Reviews roundup – Isaiah B Brunt vs. Eddie Turner & Trouble Twins vs. Bald Red Lady vs. Eric Gales vs. Atomic Love Reactor
ISAIAH B BRUNT
A Moment In Time
I was rather taken with ‘Just The Way That It Goes’, the last album from the Kiwi born, Australian raised bluesman who does his recording in New Orleans. I reckoned he was a fine writer as well as a good singer and guitarist and that’s carried on to this new release.
It sounds fantastic, but then when you’ve got a rhythm section of George Porter Jr, and Doug Belote, then it’s kind of hard to mess it up. The New Orleans vibe is completed by some great keyboard work from Mike Lemmler who leads his own New Orleans Jazz Revival Band. Add in a few top tunes like the horn enhanced “Singing The Blues”, the boogiefied “That Place On The Road” and the juke joint sound of “Party All Night”, and you’re left with s storming blues album.
The arrangements are really strong, especially when the horn section comes into play, and he can even mellow things down as he does on the the duet with Sarah Burke on “A Moment In Time”. Another really strong release from Mr Brunt, this should be near the top of the list of your blues buys.
EDDIE TURNER & TROUBLE TWINS
Naked…In Your Face
More blues now, this time from Eddie Turner, a blues veteran whos has served time with Tracy Nelson and Mother Earth as well as playing guitar for Otis Taylor alongside a steady solo career.
This is his first live album, and sees him in cahoots with the Trouble Twins, namely bassist/vocalist Anna Lisa Hughes and drummer/vocalist Kelly Kruse. And for a three piece they can whip up a storm. It’s mainly original material, with a couple of covers thrown in, namely Nick Gravenites’ “Buried Alive In The Blues” and the well worn “Don’t Let Me Be Misunderstood”. Musically, he has a tendency to wander off into almost jam band style riffing, but when he sticks to the riff on numbers like “So Many Roads” then it’s definitely worth having a listen.
Vocally, he errs on the side of rough, but some of the vocals are handled by bassist Anna Lisa Hughes and it makes for a nice contrast. There is no doubting its authenticity as a live album, as it lands warts and all, but it’s certainly fresh, vital and, yes, in your face.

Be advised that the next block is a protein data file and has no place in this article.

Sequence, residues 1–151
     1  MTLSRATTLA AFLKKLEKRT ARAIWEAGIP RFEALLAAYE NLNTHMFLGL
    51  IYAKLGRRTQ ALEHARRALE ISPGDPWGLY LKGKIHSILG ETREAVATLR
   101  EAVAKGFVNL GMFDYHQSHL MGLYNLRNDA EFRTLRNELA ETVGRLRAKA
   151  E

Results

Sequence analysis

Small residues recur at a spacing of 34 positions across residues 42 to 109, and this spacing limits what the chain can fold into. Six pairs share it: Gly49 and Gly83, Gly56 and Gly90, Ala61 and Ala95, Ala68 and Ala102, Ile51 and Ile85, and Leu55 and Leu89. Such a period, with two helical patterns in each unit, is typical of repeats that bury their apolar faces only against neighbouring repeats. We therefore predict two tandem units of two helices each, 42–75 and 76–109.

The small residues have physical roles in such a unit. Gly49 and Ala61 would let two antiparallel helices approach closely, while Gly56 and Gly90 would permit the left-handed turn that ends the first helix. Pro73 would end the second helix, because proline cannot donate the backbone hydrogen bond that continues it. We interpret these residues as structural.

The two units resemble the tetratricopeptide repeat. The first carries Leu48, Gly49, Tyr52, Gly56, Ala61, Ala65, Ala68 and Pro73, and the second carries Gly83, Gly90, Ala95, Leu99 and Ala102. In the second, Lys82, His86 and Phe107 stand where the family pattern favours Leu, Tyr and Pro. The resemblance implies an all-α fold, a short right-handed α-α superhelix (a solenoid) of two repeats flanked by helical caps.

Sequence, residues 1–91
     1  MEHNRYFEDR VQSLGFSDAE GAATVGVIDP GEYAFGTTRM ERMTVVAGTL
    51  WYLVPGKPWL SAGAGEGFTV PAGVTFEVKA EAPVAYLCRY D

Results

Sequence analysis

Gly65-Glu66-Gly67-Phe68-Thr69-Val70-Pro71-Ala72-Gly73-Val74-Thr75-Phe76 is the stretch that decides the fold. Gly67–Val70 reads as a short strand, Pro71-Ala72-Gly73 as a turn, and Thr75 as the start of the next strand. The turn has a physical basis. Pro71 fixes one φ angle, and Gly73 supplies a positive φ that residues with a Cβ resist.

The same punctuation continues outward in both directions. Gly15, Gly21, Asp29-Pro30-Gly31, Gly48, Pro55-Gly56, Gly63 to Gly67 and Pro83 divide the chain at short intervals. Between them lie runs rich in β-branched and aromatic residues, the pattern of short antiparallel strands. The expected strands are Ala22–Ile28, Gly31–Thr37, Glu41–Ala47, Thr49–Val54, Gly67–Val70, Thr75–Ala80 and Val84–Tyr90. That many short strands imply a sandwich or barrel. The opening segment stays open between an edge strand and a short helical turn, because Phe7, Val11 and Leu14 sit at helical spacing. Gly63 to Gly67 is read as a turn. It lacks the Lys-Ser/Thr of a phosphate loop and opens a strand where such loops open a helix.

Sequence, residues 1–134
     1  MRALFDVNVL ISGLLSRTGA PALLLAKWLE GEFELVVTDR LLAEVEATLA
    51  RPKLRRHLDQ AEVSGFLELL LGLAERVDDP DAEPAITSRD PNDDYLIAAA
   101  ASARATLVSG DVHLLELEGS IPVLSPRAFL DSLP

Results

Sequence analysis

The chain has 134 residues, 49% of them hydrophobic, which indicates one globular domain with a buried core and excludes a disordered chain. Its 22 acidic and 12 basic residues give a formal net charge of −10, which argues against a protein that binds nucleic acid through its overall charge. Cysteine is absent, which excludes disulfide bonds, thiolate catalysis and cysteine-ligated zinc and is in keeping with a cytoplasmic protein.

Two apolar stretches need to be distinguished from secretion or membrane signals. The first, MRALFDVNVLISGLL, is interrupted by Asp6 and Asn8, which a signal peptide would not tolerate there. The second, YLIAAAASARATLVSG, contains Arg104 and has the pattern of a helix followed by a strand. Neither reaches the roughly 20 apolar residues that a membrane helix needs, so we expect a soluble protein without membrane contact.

BALD RED LADY
All The Earth
Wow. That’s a really shit name for a band. Even in the eighties, which is when Jeff Bridi, Nick Bohensky, and Dave Wilson, formed the band. Originally inspired by bands like Rush, The Police, and Yes, they took on some influences from King’s X, Voivod, King Crimson, and Prong, and headed off in a more heavy and experimental direction.
They released a few albums and shuffled lineups between then and 1998 when they decided to go all hippity-hop under the name of Body, before mutating into a metal band called To The Bone, then became a progressive improvisational band called the 16 Deadly Improvs. Still with me?
Well now, the original Bald Red Lady trio are back with a new prog album. Whew. And they’re quite good at it, as they take on board the likes of Riverhead and Porcupine Tree for a more modern prog sound. They’ve certainly got the chops for it, and there are some good songs here as well. Fans of modern prog will take easily to the likes of “Melting Stars”, “Second Nature Comes Alive” and “Twin Star Soldier”, which take all the required boxes in fine fashion.
They may have taken the scenic route, but they got there in the end.
A Night On The Sunset Strip
I had no ambitions to be a dentist, but once upon a time I interviewed Eric Gales and it was just like pulling teeth. His picture is next to monosyllabic in the dictionary. But no-one said you had to be chatty to be musician, so let’s just assume his fingers do his talking for him.
Because he is a remarkably good guitarist, as this new live CD / DVD combo illustrates. AS the name suggests, this record was recorded live in Hollywood show and sees him reaching into his back catalogue, as well as some tunes from his last studio album, ‘Good For Sumthin’ along with a cover of the Rolling Stones’ song “Miss You”.
It’s a power trio format with Cesar Oviedo on bass and Nicholas Hayes on drums backing up Gales who throws in every trick in the book as he rocks his way through the blues. He really builds up a storm through the show which is then, unfortunately, interrupted for a drum and bass solo. Time for a pee. He then has to rev things up again, but makes a fair fist of it through the closing numbers. To be fair, he’s never really written a classic song, but the power of the performance makes up for it live
The DVD is less essential, as the show is broken up with interview segments, but as a twofer, this should keep his fans happy.
ATOMIC LOVE REACTOR
Tall Whites Records
Lastly for today, and we’re off to Swedenfor some rawk! Which is what Sweden specialises in. Atomic Love Reactor not only have a great name, but they’re looking back to the seventies when the likes of Deep Purple and Atomic Rooster were putting out organ driven rawk to the masses.
ALR who are Fredrik Eriksson: vocals, guitars, Thomas Bellen Bergman: guitars, vocals, Anders Olsson: keyboards, vocals, Peter Samuelsson: bass, vocals and Johan Strende: drums, vocals seem to be veterans, if their picture is anything to go by, and they’re putting their experience to good use on this album.
Their mix of seventies meets eighties rock is invigorating, with melodies, riffs and pumping keyboards to the fore. From the opening “Kiss Of Life” through the Coverdale like “Keep Me Alive” to the Purplesque “The Piper”, this is a record chock full of memorable moments. For an indie release, it’s got a great sound, and the likes of Frontiers Records should be snapping them for a rapid follow-up. Good work.